Built to Last
This Homewood house proves that innovative ideas, good bones, and fine lines are always in fashion.
ABOVE Caroline and Kyle Sain’s living room showcases the original architecture and a restrained hand when it comes to decorating. Antiques and found objects mix with new pieces for a collected and very personal look. “I like old things,” Caroline says. “But I like old modern things.”
Inspiration can take hold in many ways. Sometimes it’s a swatch of fabric, a photo in a magazine—or a drive down a street in Homewood on a sunny day. That’s how Caroline Sain first noticed the limestone house perched on a hillside in her favorite neighborhood and stirrings for her personal design project began.
While Caroline’s initial intrigue for the property came from the façade, the home’s history made it even more enticing. Built in 1936, the home took its construction cues from an exhibit at the 1934 Chicago World’s Fair. History has it that Birmingham contractor W.J. Boothby visited the fair and was particularly enamored with the innovative home designs. While the smart homes of their day had nothing to do with electronics, they did focus on stalwart building practices. Determined to bring what he had learned home, W.J. Boothby created his own home for the future in the Mayfair area of Homewood.
Essentially a two-story square, the home’s original design employed all the technology of the era. Materials include masonry concrete block walls, poured concrete floors, concrete roof tiles, and steel windows. He sheathed the outside in Alabama limestone and chose plaster for interior wall finishes. Choice materials meant the house would be well insulated as well as fireproof, sound proof, termite proof, and generally low maintenance.
Garnering great attention at the time, Boothby put the house on tour and was applauded for his design. But as things sometimes go, the house became neglected, was turned into a rental, and ivy creeped across the façade. Disheveled as it was, Caroline, an interior designer, kept her eye on the place and vowed to make it hers one day. “My husband, Kyle, and I looked at it years ago, but we didn’t buy it then. Fortunately, it came back on the market,” Caroline says. Also to her good fortune, the interim owners added a master suite and garden designed by Norman Johnson.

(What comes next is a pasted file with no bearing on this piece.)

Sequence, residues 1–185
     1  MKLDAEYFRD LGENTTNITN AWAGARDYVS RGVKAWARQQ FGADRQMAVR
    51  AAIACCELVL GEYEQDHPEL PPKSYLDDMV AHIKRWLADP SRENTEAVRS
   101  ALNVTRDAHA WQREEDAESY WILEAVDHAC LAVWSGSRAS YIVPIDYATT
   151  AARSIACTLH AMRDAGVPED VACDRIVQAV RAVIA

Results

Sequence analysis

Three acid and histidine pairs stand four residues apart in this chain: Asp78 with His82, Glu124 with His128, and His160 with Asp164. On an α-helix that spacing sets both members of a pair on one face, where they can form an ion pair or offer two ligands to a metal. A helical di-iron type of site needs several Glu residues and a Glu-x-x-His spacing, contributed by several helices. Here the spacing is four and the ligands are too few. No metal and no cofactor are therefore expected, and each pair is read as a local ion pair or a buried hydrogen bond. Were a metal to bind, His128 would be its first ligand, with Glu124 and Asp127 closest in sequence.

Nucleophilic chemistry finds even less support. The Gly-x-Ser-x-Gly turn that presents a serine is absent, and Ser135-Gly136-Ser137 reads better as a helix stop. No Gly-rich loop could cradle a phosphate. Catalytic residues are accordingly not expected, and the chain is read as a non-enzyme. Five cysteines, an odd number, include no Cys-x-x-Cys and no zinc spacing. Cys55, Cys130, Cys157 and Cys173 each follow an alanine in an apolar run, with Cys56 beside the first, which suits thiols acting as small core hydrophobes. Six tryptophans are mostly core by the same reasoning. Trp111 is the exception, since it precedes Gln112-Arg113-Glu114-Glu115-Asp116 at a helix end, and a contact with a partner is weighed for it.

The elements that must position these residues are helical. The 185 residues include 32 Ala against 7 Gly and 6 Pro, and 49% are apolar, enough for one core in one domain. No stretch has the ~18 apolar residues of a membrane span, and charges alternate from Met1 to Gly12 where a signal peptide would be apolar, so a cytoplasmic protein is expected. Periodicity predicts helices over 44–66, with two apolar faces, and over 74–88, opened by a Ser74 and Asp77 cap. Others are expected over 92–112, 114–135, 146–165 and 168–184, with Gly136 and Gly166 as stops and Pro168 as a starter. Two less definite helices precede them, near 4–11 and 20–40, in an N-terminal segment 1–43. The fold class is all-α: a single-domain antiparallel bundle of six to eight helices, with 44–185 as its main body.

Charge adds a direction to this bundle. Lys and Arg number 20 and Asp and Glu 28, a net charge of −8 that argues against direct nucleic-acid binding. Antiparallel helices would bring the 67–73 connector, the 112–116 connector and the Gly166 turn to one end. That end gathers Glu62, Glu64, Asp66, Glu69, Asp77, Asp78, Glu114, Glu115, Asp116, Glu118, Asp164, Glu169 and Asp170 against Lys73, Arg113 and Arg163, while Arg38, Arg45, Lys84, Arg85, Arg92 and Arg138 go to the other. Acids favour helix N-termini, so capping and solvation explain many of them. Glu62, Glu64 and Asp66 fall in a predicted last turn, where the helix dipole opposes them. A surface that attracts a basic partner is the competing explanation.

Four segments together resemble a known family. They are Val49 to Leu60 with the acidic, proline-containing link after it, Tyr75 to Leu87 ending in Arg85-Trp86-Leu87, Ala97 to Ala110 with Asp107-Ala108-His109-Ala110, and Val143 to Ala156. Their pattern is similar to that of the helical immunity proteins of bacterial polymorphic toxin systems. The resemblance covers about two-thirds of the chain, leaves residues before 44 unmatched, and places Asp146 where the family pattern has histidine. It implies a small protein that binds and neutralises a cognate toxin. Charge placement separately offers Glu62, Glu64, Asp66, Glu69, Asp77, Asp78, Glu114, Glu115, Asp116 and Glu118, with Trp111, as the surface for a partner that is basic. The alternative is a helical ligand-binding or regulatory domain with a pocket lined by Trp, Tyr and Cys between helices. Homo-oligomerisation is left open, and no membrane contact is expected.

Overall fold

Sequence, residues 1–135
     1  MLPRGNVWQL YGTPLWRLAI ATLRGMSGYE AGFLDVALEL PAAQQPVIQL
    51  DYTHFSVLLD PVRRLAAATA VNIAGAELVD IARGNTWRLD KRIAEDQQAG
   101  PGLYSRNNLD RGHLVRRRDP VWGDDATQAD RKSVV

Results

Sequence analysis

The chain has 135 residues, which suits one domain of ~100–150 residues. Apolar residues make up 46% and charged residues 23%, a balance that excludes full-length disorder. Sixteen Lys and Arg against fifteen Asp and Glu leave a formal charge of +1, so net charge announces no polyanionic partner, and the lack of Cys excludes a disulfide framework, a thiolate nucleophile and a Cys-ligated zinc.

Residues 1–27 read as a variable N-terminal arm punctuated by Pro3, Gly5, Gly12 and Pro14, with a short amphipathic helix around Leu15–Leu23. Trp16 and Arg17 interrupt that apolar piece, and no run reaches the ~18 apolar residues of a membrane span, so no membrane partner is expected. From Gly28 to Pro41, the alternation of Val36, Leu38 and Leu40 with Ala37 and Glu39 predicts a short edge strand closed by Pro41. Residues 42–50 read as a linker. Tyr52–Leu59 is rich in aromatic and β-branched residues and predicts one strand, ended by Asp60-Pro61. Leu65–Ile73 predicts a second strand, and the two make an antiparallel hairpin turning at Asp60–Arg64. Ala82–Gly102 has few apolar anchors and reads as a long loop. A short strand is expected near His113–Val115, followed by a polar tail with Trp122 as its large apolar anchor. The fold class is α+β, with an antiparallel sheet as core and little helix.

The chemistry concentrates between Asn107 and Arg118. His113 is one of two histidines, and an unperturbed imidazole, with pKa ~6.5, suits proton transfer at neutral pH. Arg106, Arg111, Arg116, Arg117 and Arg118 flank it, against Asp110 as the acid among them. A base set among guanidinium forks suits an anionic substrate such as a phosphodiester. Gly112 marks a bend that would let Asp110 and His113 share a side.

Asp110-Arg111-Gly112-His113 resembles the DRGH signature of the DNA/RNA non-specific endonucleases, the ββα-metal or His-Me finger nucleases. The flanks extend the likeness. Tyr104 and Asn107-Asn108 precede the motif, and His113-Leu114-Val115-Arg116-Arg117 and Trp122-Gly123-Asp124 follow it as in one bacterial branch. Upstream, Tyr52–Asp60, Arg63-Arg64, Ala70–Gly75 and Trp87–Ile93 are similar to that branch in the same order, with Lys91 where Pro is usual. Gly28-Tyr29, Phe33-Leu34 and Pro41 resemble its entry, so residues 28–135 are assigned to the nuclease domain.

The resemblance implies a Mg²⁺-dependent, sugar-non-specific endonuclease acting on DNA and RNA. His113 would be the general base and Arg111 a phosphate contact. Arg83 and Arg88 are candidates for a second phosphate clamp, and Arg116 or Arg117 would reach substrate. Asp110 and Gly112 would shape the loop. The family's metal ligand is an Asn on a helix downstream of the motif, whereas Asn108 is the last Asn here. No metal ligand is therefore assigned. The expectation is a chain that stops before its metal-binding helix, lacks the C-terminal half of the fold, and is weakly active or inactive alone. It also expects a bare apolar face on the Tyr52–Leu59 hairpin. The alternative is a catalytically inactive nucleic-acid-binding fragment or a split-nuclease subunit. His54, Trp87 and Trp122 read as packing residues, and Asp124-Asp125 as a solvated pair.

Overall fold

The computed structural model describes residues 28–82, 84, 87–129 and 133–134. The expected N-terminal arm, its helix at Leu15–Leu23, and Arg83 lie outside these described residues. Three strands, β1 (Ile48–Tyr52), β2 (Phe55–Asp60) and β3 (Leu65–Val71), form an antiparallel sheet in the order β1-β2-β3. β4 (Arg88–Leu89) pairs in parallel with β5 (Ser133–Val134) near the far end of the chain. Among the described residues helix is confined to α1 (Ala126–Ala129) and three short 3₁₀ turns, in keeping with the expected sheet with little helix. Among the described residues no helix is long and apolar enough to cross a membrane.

Falling somewhere between cottage and industrial chic, the house is outfitted with an eclectic mix of new, antique, vintage, and found objects. “Compared to some homes, mine looks empty,” Caroline says. “I’m in constant conflict between knowing it needs stuff but finding love in its minimalism.”
In the double-height living room, the pièce de résistance is the green sofa from Anthropologie. Grounding the soaring space, it makes a bright stand against neutral walls and furnishings. A custom bookshelf, designed by Caroline and built by Ed Grier, lines one wall and is filled with items that have more sentiment than dollar value. “I wanted something very utilitarian; And I’m always changing up the vignettes,” Caroline says. Windows, original to the house, frame garden views. “The previous owners had drapes on them. I didn’t want to cover them up,” Caroline says. “Plus, we are on top of a hill so we don’t need the drapes for privacy.” Kyle found the oversize paper lantern for dollars online. “He’s the king of Google,” Caroline says.
In the dining room, open windows flanked by antique shutters look upon the garden making the room feel more French countryside than Homewood. Caroline’s grandparents’ metal bamboo garden chairs pair with two slipcovered end chairs around a custom oval dining table.
Perhaps the greatest undertaking for the Sains was the kitchen. “I discovered the poured concrete floor joists and knew I wanted to expose them,” Caroline says. The finished product is an open, airy kitchen befitting the style of the house—one that would still wow at any World’s Fair or home show today.
ABOVE A prior renovation saw the addition of the master suite. Here, a custom headboard is surrounded by personal items. The authentic drum tables came from Caroline’s grandparents—a souvenir from when they were stationed in the Philipines. The Danish chairs are from Scott’s Antiques Market. Draperies are IKEA. Lamps are Homegoods. The whale platter serves as a reminder of the Sains’ Martha’s Vineyard wedding.
ABOVE A previous kitchen update did little to honor the original house. Caroline and Kyle exposed the concrete floor joists on the second story to define the ceiling, refaced and repainted cabinets, and worked with Triton Stone to update the floor tile and countertops.
ABOVE When Caroline first spied her future house, it was covered in ivy and had fallen into shabby shape. Still charmed, she kept her eye on it and she and her husband purchased it years later.
Meet Caroline Sain
Graduating with a degree in interior design from Auburn University, Caroline says her continued education came after college when she worked with designer Betsy Brown and later, Philip Sides. “I didn’t grow up in the design world,” says Caroline, a Birmingham native. Betsy and Philip really took me under their wings. I grew up in a house where my parents would get one new piece of furniture a year.” In this house, Caroline remarks on the culmination of influences from working with Brown and Sides. On top of that, she’s layered a developed eye that is uniquely hers. “Everything has a story,” she says. With an affinity for things old and new, found and crafted, Caroline says she loves the feathers her children bring her just as much as a fine antique. Caroline works out of an upstairs office at home and has a booth at The Nest Antique Store in Homewood. This is Caroline’s fourth Homewood house. CS Interiors • 205.542.8446
The Nest Antique Store • 2718 19th Place South, Homewood, AL 35209 • 205.870.1264